For a start, keep yourself updated with the awful situation in Libya right now - this link is particularly good and seems to be regularly updated faster than any other source of current news - please share - http://revolution2.moonfruit.c
Regards independent record and music shops needing our support that in turn benefits the musicians - Avalanche record shop in Edinburgh posted this. We need to think as a community.
Sunday I caught up with a dear friend who I'd been meaning to catch up with for too long. We met at the gorgeous Hillhead bookclub for the boutique vintage and craft market Granny Would Be Proud to have an exciting little snoop - there's so many fun and cool things there and very affordable! You can have a bit of fun dressing up for a vintage style photo, try some delicious cupcakes, some very dainty and quirky hair accessories and vintage glasses frames, some delightful and grin-inducing fun at Bunny's table checking out her Tennents, other beer and various sweetie jewellery, not to mention the big variety and quality of vintage clothing, china and jewellery in the last place you'd find damp and dust. It's a lovely thriving craft movement that should be visited and supported. Neither is it all girly driven, with things for the dapper chap too. Not all the same stall holders are there every time, it's normally twice any given month, so do check it out. The Hillhead Bookclub restaurant/bar is a converted old cinema, with gorgeous interior and intimate while also very family friendly atmosphere, tho' this might have something to do with the organiser supplying a lot of minutae to this particular event
Fred, the gal behind it all is moving to Manchester where it sounds like she's found a fantastic and equally quirky venue for her growing GWBP boutique empire where even the chefs in the restaurant will be tailoring their food to fit the well thought out theme of the craft market. The attention to detail at the one in Glasgow was certainly admirable and really a pleasure to experience.
After that, I cycled my trusty ridgeback over to the North Woodside leisure centre for Wet Sounds, a totally immersive music and sound experience. I was glad I turned up a little later as apparently it was hoaching at 5pm. I turned up around 7pm for another 40 minutes, which if I'd known it would finish 20 minutes earlier than it's advertised time, I probably would have made the effort to be a tad earlier myself. In saying that, it was a pretty cool experience, with subtle blue, red, and green alternating stage lighting shining down from the upstairs changing rooms, with some lighting underwater - one participant likening it to the film The Abyss. A little discontertingly, about 4-5 scuba divers were under the water with big packs on their back - I didn't really pay them much attention to see whether they were wearing actual underwater speakers on their backs, I was more distracted by the sounds above and below water, trying to experience the separate, the combined, while realising my swimming lungs ain't what they used to be. :)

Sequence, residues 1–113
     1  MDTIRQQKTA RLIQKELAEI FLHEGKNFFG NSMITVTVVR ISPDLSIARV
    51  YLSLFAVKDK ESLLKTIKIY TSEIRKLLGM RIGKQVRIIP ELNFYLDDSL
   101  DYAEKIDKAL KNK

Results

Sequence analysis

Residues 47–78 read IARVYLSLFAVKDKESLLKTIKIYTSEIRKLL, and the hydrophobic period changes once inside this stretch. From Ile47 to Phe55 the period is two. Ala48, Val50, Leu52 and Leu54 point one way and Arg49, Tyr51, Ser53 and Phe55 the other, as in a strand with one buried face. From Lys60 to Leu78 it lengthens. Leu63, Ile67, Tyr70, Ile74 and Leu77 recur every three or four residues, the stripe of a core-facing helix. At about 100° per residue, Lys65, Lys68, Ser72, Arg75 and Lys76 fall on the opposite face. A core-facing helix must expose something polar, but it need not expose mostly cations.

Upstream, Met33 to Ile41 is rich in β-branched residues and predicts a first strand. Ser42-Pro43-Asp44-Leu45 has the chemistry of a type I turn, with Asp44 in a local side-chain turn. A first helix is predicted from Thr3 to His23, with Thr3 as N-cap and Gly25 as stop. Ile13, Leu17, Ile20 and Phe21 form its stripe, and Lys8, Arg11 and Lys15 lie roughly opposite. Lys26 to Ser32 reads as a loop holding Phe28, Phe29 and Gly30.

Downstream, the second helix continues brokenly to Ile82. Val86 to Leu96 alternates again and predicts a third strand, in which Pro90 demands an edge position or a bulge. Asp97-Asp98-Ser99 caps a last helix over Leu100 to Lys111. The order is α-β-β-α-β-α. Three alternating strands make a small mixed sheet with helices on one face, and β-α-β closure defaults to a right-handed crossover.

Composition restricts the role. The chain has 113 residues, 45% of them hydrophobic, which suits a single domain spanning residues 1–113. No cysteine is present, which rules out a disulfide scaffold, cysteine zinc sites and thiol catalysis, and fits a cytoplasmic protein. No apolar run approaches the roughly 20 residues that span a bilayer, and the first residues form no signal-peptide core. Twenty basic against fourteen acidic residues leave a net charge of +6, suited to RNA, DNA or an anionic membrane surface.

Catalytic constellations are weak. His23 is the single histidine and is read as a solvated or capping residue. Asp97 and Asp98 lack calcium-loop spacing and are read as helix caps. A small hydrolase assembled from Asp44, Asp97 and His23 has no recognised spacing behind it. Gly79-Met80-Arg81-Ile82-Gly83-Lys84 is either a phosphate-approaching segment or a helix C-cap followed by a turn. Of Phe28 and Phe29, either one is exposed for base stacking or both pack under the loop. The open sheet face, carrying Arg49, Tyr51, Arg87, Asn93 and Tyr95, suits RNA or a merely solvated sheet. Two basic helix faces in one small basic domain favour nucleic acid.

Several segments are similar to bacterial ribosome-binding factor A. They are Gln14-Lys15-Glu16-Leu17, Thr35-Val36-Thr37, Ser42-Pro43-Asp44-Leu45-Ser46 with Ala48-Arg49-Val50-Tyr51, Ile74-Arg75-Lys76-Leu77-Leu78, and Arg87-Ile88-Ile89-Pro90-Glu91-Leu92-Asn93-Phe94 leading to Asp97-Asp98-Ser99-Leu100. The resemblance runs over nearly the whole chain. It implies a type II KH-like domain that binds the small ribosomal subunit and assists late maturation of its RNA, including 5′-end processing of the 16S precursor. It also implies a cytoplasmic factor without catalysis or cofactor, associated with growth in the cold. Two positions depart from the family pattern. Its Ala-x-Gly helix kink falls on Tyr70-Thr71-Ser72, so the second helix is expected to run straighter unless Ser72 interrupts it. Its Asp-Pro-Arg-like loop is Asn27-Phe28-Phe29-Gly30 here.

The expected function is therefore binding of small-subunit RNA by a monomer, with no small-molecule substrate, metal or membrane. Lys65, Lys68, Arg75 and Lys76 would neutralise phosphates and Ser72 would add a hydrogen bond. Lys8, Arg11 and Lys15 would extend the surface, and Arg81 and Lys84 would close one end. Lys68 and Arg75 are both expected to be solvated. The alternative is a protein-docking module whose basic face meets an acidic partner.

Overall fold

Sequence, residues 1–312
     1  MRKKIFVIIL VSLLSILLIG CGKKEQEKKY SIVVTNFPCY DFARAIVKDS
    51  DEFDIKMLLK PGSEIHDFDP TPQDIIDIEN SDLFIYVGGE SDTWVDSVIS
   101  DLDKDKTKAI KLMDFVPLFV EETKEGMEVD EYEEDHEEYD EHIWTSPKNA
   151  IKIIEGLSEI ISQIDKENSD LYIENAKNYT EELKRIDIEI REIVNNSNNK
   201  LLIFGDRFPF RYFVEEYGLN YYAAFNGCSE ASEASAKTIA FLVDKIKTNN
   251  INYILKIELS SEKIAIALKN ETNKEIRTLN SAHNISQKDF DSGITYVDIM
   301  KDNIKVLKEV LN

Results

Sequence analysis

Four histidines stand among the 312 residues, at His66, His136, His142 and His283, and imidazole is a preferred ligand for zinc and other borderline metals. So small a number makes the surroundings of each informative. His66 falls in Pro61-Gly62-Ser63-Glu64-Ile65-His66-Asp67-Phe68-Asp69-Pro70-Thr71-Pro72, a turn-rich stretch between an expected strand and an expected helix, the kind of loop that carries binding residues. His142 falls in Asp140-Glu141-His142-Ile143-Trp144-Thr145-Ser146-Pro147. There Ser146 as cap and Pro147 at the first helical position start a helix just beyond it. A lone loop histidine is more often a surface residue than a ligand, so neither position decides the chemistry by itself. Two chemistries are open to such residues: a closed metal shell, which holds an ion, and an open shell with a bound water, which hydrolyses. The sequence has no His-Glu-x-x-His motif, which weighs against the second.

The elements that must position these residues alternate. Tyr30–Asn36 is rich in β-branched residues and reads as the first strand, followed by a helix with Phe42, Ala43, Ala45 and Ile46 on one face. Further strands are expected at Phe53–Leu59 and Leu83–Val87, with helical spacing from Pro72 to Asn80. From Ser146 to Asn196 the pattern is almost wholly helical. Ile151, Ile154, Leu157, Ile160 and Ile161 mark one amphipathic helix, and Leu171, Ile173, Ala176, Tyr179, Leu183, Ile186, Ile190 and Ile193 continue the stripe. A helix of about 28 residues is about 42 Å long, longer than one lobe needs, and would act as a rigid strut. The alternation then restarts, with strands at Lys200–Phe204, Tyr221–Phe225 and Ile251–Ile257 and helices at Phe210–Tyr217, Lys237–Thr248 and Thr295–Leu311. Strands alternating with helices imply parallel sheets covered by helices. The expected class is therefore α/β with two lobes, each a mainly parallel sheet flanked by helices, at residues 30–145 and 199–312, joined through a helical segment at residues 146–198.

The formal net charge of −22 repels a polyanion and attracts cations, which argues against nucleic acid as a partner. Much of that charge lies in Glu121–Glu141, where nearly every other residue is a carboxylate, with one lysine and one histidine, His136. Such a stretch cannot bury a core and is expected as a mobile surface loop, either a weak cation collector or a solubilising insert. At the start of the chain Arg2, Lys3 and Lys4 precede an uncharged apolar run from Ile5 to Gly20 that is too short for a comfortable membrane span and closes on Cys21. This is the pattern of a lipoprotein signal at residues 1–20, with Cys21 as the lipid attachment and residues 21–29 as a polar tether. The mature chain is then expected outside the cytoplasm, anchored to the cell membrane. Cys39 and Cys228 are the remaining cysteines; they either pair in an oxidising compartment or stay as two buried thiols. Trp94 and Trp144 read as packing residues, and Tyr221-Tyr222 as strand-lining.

But grab yourself a float under your legs, lean back, scull and occasionally bump into other contented and slippery individuals. The sounds itself were a mixture of collected everyday as well as film samples, with continuously evolving soundtrack. The only part I recognised was the typing scene in The Shining where Jack Nicholson is aggressively chastising his meek wife Shelley Duvall for disrupting him. This was under the water, with a sinister drone above. The lighting had changed to an eerie blue. Yep, I loved it. :) It's £10 so I recommend you make the most of it if you can catch one, and stay in the water the whole 3 hours until you're resembling something from Cocoon.
(Yes, it's another iPad drawing :)
The Adorable Dan Wilson/Withered Hand (iPad Drawing)
So after the swim and a duly enjoyed snicker bar, I wheeled off to the third and final night of the Margins Book and Music Festival at Stereo in time to catch the headline literary legend Tom Leonard speak truth and beauty - 'it's a part of being free and honest' - commanding attention with his gravelly vernacular. Afterwards, the bands were on including Where We Lay Our Heads, Burnt Island and the hugely engaging and beautifully humorous songs of Dan Wilson aka Withered Hand who delivers his songs with equally self-deprecating joviality.
It was only £1 quid to get in, and if I'd had any cash to spend I would have invested in ANYTHING on the Cargo Publishing/Margins Fest Merch Table. It looked like a candy shop of desirables. The Year of Open Doors, Withered Hand and something from Alan Bissett sounds like what's going on my Birthday wish list.
Meanwhile I have to say I can't help but be pretty chuffed that after drawing the excellent and inspiring Billy Bragg, he wants to buy one of the pictures, as well as giving me some lovely publicity on his facebook page which has garnered a lot of attention and some highly entertaining commentary - http://www.facebook.com/photo.php?fbid=10150092698692471&set=a.249499147470.158205.44905697470&comments
I can't wait to share a presspit with someone knitting their experience :)
The actual concert was a rescheduled one because of our epic snow storm where Billy was trapped on the motorway south of Blantyre for about 10 hours. It was a brilliant concert, with Billy invigorating and encouraging rather than pontificating. Very entertaining and absolutely inspiring, I really was buzzing with positivity afterwards. Billy and his right hand man Grant on sound were solid chaps, great to meet them as well as his pal Nicola. After offering me a beer, and some good chat on drawing, the Clash, and 'snow in a can' they went off with his rider of beers to visit the Glasgow University Occupation at the ex-Hetherington Research club. Top bloke.
He is also a man of poignancy.